The world isn’t fair, but how do you quantify that unfairness and how do you go about addressing it? These questions are the exact focus of a major new report from the Equality and Human Rights Commission. The report is the most in-depth review ever carried out on progress towards greater equality and human rights protection in England. The report paints a worrying picture which shows that over the last five years the already disadvantaged have fallen even further behind the rest of the society. And there are some great infographics in there.
Those with learning difficulties, migrants, refugees and asylum seekers, homeless people and the Gypsy, Roma and Traveller communities are being hit by multiple limitations. Narrow employment opportunities and barriers to healthcare are two of the factors that the report highlighted. According to the report, the cause of this entrenched disadvantage can be attributed to ‘deprivation, social invisibility, stigma and stereotyping.’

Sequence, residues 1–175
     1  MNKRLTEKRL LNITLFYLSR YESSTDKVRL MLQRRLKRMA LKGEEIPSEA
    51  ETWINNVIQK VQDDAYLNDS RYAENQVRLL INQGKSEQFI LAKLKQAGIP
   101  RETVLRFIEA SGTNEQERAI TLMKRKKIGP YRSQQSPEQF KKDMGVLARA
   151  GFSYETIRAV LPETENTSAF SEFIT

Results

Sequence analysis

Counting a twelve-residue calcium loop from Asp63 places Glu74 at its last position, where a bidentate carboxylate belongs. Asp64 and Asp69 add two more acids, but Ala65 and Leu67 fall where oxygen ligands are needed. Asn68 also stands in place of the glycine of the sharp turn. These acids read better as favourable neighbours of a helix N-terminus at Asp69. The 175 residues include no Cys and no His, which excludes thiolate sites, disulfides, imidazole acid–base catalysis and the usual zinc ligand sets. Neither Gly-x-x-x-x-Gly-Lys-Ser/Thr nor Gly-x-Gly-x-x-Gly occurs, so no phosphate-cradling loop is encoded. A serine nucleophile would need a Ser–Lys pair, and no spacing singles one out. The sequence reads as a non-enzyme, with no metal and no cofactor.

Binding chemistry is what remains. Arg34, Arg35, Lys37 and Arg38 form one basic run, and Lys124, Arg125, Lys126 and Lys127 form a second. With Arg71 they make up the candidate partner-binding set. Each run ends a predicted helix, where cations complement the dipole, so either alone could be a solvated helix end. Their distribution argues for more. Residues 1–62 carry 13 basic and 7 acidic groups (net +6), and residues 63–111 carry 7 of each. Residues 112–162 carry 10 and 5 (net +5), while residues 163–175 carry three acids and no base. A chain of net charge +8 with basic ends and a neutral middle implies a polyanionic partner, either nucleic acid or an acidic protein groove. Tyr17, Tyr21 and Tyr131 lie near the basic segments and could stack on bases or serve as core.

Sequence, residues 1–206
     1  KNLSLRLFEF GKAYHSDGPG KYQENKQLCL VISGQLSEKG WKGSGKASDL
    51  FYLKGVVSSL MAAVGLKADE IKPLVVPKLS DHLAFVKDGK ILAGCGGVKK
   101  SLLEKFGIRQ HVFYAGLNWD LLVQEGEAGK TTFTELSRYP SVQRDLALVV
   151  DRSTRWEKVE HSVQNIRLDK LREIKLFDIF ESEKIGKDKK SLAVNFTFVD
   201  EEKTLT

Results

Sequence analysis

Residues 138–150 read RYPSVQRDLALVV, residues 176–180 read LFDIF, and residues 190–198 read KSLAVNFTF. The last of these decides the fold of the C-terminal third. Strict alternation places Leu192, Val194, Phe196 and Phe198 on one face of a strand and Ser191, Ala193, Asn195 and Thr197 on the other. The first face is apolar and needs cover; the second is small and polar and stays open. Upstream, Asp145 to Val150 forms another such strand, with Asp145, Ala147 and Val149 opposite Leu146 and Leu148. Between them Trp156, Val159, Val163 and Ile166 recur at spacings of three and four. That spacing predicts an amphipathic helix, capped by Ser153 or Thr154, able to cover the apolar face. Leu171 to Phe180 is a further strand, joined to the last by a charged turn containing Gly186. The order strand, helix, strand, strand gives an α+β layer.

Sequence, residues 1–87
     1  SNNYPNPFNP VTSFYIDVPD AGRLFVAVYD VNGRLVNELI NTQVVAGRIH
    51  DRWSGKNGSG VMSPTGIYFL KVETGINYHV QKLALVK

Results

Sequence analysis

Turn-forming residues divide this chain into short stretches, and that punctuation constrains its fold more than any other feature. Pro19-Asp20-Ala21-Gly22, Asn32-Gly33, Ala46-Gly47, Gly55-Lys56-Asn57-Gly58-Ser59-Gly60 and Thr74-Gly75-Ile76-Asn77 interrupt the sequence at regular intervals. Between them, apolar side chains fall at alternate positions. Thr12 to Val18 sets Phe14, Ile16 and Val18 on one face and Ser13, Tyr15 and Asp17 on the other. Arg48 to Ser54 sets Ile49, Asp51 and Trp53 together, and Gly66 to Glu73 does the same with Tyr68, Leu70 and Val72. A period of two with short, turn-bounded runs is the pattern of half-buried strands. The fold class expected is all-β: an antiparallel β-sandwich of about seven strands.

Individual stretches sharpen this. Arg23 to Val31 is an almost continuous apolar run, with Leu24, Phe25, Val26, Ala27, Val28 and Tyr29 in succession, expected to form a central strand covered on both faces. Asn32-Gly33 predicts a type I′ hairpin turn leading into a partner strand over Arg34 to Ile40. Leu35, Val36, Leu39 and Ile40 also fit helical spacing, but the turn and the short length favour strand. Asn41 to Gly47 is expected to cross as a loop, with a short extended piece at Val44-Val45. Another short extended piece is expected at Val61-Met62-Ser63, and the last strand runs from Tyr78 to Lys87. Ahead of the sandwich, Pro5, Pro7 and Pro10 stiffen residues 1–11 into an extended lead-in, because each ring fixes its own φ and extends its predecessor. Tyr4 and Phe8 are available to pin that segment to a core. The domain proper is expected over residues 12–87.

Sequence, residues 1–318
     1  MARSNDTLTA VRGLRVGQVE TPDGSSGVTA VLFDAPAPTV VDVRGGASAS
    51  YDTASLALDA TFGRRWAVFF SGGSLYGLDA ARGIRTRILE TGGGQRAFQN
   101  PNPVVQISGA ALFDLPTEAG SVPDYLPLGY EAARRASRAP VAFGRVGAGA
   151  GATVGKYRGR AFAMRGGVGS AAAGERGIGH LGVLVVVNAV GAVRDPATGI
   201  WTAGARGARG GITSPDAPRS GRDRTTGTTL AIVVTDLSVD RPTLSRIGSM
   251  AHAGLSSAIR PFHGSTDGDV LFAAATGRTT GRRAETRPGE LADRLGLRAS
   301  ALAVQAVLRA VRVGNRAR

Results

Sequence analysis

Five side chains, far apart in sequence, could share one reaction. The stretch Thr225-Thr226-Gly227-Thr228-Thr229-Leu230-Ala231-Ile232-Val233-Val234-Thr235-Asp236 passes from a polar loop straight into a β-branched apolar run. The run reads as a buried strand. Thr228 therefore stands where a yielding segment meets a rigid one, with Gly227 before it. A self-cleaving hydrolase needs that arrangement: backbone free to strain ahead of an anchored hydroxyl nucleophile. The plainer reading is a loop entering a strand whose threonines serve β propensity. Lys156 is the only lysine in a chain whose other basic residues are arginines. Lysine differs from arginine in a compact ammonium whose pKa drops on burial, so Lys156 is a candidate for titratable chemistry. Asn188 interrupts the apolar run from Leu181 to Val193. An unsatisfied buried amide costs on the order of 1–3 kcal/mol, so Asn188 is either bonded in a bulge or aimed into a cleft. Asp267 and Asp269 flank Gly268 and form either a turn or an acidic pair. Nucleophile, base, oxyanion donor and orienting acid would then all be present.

A further problem is noted with the lack of evidence on the experiences of these groups. This makes it hard to analyse the problems properly and conceals these disadvantaged groups and their issues from policy makers and NGOs.
When only 13.8% of Gypsy and Roma children (as opposed to 60.3% of white children) achieved the GCSE threshold in 2012/13; when mortality rates for people with moderate to severe learning disabilities are three times higher than the general population; when the average age of death for homeless women was 43 years compared with 80 years for the general population – our response cannot be the one of Calvin’s father, ‘The world isn’t fair’. There are policy decisions that can be taken to help address these issues and this report demonstrates where our efforts need to be directed if we are to ensure a fairer England for all.